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Re: Codd's Rule of RDBMS [message #101925] Mon, 26 November 2001 04:27 Go to next message
rajesh
Messages: 173
Registered: November 1998
Senior Member
12 codd's rule statements

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Re: Codd's Rule of RDBMS [message #102093 is a reply to message #101925] Sun, 10 February 2002 19:54 Go to previous messageGo to next message
amitart1@mailcity.com
Messages: 1
Registered: February 2002
Junior Member
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Re: Codd's Rule of RDBMS [message #102695 is a reply to message #101925] Sat, 31 August 2002 00:03 Go to previous messageGo to next message
Iram
Messages: 1
Registered: August 2002
Junior Member
Plz send these rule
Re: Codd's Rule of RDBMS [message #103069 is a reply to message #101925] Sun, 26 January 2003 05:17 Go to previous messageGo to next message
S.RAJESH KUMAR
Messages: 1
Registered: January 2003
Junior Member
THE RULES : 0. (Yes, there is a Rule 0!)
For a system to qualify as a RELATIONAL, DATABASE, MANAGEMENT system, that system must
use its RELATIONAL facilities (exclusively) to MANAGE the DATABASE.

1. The information rule
The information rule simply requires all information in the database to be represented
in one and only one way, Namely by values in column positions within rows of tables.

2. The guaranteed access rule
This rule is essentially a restatement of the fundamental requirement for primary keys.
It says that every individual scalar value in the database must be logically addressable
by specifying the mane of the containing table, the name of the containing column and the
primary key value of the containing row.

3. Systematic treatment of null values
The DBMS is required to support a representation of "missing information and inapplicable
information" that is systematic, distinct from all regular values
(for example, "distinct from zero or any other number," in the case of numeric values),
and independent of data type.
It is also implied that such representations must be manipulated by the DBMS in a
systematic way.

4. Active online catalog based on the relational model
The system is required to support an online, inline, relational catalog that is
accessible to authorized users by means of their regular query language.

5. The comprehensive data sublanguage rule
The system must support a least one relational language that
(a) has a linear syntax,
(b) can be used both interactively and within application programs,
and (c) supports data definition operations (including view definitions),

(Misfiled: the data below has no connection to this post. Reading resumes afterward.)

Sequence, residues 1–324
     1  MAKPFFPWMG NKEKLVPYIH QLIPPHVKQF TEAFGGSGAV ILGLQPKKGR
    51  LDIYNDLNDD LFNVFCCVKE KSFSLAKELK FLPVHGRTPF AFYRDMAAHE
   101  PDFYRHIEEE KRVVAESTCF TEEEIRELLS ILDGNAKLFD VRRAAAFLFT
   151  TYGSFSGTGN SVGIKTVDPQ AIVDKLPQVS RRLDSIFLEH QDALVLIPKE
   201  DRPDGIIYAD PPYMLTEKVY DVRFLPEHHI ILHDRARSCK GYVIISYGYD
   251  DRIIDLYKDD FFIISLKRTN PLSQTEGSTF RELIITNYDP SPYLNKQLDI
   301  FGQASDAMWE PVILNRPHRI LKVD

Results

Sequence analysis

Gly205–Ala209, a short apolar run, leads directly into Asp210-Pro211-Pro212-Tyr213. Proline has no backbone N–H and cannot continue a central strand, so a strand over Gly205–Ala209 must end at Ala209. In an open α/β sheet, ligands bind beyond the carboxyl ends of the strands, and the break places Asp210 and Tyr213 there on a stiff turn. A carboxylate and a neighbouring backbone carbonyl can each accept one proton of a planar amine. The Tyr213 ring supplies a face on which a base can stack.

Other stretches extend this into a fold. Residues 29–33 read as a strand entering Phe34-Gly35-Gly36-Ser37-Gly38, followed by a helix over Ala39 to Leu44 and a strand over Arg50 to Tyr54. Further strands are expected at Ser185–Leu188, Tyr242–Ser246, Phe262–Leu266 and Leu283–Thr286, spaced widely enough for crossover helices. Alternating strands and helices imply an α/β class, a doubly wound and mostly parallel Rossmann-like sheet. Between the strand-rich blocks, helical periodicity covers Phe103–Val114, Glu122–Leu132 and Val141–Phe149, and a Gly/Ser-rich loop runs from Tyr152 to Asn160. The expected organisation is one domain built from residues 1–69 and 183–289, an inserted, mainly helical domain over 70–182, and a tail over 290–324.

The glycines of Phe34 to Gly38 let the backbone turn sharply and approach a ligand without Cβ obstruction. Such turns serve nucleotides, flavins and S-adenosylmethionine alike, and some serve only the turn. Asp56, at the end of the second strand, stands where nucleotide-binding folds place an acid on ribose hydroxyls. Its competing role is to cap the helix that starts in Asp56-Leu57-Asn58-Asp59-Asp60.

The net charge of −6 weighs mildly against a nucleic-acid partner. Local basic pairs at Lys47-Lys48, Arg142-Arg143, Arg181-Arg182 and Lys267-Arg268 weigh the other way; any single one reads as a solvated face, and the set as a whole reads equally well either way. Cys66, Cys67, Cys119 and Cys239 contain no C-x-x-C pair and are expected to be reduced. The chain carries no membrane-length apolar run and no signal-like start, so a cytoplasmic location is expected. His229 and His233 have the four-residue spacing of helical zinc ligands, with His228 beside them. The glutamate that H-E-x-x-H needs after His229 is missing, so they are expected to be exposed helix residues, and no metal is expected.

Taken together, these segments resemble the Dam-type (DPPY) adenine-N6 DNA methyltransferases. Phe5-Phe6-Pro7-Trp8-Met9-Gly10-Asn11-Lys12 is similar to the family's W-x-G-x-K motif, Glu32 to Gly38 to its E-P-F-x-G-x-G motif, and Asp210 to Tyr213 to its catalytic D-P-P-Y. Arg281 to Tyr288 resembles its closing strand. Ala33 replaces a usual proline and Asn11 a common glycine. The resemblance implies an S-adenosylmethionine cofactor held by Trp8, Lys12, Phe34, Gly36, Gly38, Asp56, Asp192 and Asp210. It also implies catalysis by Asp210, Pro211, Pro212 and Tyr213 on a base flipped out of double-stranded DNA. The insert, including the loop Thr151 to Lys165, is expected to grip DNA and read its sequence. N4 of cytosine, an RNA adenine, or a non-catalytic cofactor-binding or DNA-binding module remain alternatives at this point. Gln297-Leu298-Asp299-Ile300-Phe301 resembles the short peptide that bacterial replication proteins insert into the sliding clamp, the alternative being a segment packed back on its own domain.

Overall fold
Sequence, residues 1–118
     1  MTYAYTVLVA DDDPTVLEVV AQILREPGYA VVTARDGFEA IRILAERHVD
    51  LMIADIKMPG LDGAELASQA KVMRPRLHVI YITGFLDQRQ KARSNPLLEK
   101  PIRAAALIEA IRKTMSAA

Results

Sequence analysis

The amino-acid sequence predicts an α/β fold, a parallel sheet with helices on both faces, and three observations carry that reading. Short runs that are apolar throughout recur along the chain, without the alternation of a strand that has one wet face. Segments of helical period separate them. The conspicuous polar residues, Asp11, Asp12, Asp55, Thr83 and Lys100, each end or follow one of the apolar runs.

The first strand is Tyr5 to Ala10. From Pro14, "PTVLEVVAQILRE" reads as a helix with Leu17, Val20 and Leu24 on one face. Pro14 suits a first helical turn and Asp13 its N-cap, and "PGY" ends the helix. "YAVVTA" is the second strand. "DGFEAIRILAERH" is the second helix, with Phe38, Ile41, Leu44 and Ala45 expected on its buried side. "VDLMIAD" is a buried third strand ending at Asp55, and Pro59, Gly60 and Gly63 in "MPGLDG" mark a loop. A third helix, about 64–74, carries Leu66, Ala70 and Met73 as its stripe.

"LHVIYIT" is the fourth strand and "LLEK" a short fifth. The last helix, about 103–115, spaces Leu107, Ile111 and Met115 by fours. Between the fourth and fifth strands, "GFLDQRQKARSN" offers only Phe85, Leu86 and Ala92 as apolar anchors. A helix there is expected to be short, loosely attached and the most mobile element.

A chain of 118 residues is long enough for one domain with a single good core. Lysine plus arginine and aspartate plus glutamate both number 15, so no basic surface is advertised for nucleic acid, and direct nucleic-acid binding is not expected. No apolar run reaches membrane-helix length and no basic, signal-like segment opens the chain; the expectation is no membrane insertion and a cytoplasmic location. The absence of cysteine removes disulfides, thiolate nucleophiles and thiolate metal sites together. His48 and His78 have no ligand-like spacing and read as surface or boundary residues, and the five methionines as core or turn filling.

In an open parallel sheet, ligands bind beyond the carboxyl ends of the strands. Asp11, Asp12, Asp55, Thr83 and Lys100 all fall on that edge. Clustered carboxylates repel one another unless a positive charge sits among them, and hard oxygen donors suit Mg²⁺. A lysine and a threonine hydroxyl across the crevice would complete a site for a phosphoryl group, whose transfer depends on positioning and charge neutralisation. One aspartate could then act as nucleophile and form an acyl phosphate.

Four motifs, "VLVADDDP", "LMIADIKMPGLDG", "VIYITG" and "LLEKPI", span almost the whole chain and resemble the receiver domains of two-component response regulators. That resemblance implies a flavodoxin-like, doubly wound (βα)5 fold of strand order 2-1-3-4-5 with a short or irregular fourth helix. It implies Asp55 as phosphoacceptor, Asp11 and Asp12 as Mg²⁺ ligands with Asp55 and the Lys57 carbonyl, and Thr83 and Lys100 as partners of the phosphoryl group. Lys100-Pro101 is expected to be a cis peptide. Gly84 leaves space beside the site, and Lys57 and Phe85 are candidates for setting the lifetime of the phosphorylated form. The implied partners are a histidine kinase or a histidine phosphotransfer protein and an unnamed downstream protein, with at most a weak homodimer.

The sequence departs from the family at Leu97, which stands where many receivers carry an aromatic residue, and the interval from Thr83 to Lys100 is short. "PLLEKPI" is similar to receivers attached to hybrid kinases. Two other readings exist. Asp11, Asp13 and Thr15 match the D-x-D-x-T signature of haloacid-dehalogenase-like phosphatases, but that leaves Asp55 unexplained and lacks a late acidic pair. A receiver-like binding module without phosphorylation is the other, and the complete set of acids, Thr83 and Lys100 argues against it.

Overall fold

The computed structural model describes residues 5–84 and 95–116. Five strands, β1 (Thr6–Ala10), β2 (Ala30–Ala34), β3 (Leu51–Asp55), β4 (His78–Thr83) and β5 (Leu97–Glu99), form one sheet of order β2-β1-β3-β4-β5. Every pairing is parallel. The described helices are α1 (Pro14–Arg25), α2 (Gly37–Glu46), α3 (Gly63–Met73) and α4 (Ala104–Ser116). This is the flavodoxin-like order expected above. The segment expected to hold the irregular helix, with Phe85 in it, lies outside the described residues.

data manipulation operations (update as well as retrieval),
security and integrity constraints, and transaction management
operations (begin, commit, and rollback).
6. The view updating rule
All views that are theoretically updatable must be updatable by the system.

7. High-level insert, update, and delete
The system must support set-at-a-time INSERT, UPDATE, and DELETE operators.

8. Physical data independence
Self-explanatory.

9. Logical data independence
Self-explanatory

10. Integrity independence
Integrity constraints must be specified separately from application programs and
stored in the catalog. It must be possible to change such constraints as and when
appropriate without unnecessarily affecting existing applications.

11. Distribution independence
Existing applications should continue to operate successfully
(a) when a distributed version of the DBMS is first introduced;
(b) when existing distributed data is redistributed around the system.

12. The nonsubversion rule
If the system provides a low-level (record-at-a-time) interface, then that
interface cannot be used to subvert the system (e.g.) bypassing a relational
security or integrity constraint.

ASK FOR ANY DOUDTS I CAN CLEAR U"R DOUDTS

contact me:rajeshctindia@yahoo.com
queries [message #103443 is a reply to message #103069] Sat, 27 September 2003 06:26 Go to previous message
Mukhtar
Messages: 1
Registered: September 2003
Junior Member
1. How many codd's rule does Oracle9i obeys.

2. What are advantages of Oracle database than any other like SAP,DB2,Informix,SQL Server.

3. How Oracle is more fast & secure than any others.
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